The amount of activity going on behind the scenes in readying technologies, sites, and financings for such is tremendous, and this will become very visible to the public in many locations in the United States in 2010. There is a reason why one of the world’s largest power producers invested in Nanosolar.
But now is the time for cities and counties to lay the adminstrative foundation for having their own power, 100% renewable, if they care to make a difference by then.
Joy on Municpal Power
~ Sorry I don't know the others' email addresses and am on a different mail account right now - this group (Nanotech) has little activity, I'm forwarding it to hopefully bring awareness that alot of people are jumping on the bandwagon and we really want to push a manufacturing plant. Couple of different reasons: NCSU is testing a 45% efficient pv cell now; we want to beat the rising utility prices and not wait in line for panels; when Pres. Clinton spoke in Hillsborough last week he mentioned bring mfg back to the states (not outsourcing) and specifically addressed the need for manufacturing and the renewable energy industry. There will be more tax credits and incentives for this type of thing. As 'advisors' - I'm hoping the advice is to not get caught with our pants down...stay on top of the game, which means investing right now. We've a large university which brings most of the area's economy, let's keep 'em cool in the summer and warm in the winter and put some definitive resources in place. Ok, got to get off my soap box now. I just finished up a case study for Durham Tech that I did as a project that I tied into two of my classes <the second class is a programming class - still working on hooking the spreadsheets up to a website that I'm developing>. (See my blogs on myspace.com/gdgrl828 if you're interested in the spreadsheets and the money pv systems will save per building. It's really eye-opening, especially the amount of water that the power plants consume to provide electricity for the buildings.) I'm in for pay now(yoo-hoo!) part-time to develop spreadsheets for all of the power resources at DTCC (as well as water and sewer) as the NC State Energy Office is now requiring universities and state buildings to provide this information to them. If anyone knows of any other 'folks' that fall into this new reporting category, plz forward my name and email to them!
Provide local property tax breaks for people who install solar systems.
Ask why Orange County is talking about giving away the landfill gas to UNC? What is in it for Orange Co? According to the report I read, Orange gets nothing, UNC gets 6 figures of fuel per year.
Implement a solar power plan to cover all park and ride lots of the city and university with photovoltaic panels. Although this may seem frivolous with the current efficiency rates, NCSU is currently testing pv cells that are 45% efficient. Putting frames in place now, while steel manufacturing costs are relatively reasonable, makes sense. When the new stuff comes out, replace the ones at the park and rides (better locations for optimal solar irradiance) and move those panels to other locations atop municipal buildings or donate them to the elderly. <If we have our own plant, we’re good to go without waiting in line for those nice 45% efficient jobbies the state will eventually force all governmental buildings to have at a significant cost, of course.> <Ah, might as well put a lid on those new soccer fields too> J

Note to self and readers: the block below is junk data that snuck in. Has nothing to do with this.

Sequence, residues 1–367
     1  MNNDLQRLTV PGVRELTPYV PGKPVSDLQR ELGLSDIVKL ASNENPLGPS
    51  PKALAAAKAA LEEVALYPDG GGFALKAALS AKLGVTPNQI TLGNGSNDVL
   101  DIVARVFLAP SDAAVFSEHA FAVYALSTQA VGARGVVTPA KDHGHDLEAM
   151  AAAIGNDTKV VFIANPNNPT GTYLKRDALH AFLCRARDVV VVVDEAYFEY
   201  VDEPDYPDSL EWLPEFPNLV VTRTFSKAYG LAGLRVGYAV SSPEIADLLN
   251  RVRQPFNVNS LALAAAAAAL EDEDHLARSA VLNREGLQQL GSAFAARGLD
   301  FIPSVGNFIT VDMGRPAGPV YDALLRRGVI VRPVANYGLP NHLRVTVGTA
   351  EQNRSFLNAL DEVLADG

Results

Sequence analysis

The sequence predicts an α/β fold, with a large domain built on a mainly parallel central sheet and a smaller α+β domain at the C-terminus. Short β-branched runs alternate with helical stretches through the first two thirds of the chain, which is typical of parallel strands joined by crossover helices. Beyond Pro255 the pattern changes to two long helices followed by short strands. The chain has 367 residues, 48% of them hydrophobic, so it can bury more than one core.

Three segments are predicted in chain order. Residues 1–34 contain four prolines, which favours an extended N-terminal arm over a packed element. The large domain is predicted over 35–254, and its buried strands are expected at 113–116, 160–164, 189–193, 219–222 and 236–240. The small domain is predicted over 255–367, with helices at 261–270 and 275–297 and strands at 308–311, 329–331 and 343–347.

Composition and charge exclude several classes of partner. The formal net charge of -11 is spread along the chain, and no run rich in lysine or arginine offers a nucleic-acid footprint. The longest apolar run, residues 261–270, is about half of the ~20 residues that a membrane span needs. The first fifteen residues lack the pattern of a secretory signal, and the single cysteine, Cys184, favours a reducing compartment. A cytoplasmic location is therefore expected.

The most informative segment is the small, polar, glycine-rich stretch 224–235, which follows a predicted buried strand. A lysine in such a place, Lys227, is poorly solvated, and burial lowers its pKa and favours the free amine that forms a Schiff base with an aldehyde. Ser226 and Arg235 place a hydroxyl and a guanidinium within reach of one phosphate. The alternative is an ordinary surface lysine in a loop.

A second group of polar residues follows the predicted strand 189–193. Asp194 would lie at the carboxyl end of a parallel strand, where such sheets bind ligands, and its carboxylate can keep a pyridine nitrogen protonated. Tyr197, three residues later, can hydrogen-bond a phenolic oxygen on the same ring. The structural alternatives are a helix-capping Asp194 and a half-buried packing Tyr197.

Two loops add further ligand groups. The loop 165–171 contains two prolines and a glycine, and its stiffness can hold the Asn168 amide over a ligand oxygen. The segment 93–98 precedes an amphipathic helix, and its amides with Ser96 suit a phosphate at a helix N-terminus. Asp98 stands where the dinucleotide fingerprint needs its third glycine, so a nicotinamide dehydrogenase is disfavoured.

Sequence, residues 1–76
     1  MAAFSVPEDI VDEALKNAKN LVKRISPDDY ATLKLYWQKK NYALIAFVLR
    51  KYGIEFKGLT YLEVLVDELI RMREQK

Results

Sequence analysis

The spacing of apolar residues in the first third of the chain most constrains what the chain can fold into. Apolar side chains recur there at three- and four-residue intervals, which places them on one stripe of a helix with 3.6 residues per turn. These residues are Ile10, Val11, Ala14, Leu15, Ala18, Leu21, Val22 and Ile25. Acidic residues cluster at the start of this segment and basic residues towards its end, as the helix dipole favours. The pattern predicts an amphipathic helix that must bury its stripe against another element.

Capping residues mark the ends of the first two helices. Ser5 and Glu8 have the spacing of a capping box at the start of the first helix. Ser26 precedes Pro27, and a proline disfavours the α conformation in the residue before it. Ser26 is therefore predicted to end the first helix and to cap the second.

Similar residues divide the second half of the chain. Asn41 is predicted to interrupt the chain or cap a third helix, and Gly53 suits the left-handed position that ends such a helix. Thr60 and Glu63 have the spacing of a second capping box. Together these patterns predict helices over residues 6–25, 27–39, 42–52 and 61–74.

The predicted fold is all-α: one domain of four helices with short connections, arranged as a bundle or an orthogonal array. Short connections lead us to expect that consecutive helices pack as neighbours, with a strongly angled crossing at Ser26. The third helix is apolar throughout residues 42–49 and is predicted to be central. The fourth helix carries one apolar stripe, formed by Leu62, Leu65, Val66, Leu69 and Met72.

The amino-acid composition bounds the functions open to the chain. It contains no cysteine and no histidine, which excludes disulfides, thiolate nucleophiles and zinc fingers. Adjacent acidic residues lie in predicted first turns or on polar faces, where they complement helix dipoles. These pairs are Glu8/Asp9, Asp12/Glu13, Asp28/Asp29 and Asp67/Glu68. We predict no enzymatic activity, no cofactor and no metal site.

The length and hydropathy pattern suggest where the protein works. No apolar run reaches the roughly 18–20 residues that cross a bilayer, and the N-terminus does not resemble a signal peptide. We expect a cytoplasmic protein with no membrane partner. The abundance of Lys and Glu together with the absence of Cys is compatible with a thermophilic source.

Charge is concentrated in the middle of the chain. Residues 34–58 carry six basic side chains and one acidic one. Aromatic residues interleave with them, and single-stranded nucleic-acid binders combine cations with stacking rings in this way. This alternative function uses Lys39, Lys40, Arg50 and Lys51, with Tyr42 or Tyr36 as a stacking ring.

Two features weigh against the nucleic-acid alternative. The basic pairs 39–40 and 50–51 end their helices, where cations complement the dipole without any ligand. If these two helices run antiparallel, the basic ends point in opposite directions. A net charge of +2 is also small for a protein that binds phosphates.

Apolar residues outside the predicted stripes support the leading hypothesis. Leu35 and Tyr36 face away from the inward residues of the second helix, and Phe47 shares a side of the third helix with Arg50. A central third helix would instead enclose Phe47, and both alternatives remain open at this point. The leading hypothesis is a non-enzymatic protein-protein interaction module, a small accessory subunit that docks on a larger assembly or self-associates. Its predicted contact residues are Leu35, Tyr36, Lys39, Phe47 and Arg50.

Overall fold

Community Choice Aggregation
One of the most promising models is called "Community Choice Aggregation." CCA is the legal term for an innovative way for cities and counties to purchase electricity by votes of local governments.
Previously, the only way for a local government to have a say in where the community's power came from was to establish a municipally owned utility. The CCA process provides an easier way to switch to an earth-friendlier power supply without taking on the burden of managing the power lines, collecting bills, and the divisive politics involved with the expensive process of bringing energy under municipal control.
Not sure if this is the same model as NCGreenPower
Hedging Fuel Purchases
Change local building codes to exceed state code as far as new energy efficiencies for equipment in new homes.
Provide local rebates for Energy Star appliances, water efficient fixtures (like Cary does)
Provide free HVAC check ups, duct leak tests etc. through local service organizations.
Subsidize CFLs, just like shower heads
Town Managed Facilities
Lead by example- all gov't buildings should reduce consumption 25% I cannot tell you how many times I have heard AC running in an empty government building. Nobody seems to care. I have made suggestions and reported stuff in the past, it is ignored. If you think there isn’t waste, note that I have cut water consumption at Duke by 25% without trying that hard. And Duke is an excellent steward of its resources compared to others, believe me.
Require a payback of less than 5 years for all energy conservation measures. I can help them with the math if need be. Almost no one looks at cost/benefit, it is appalling.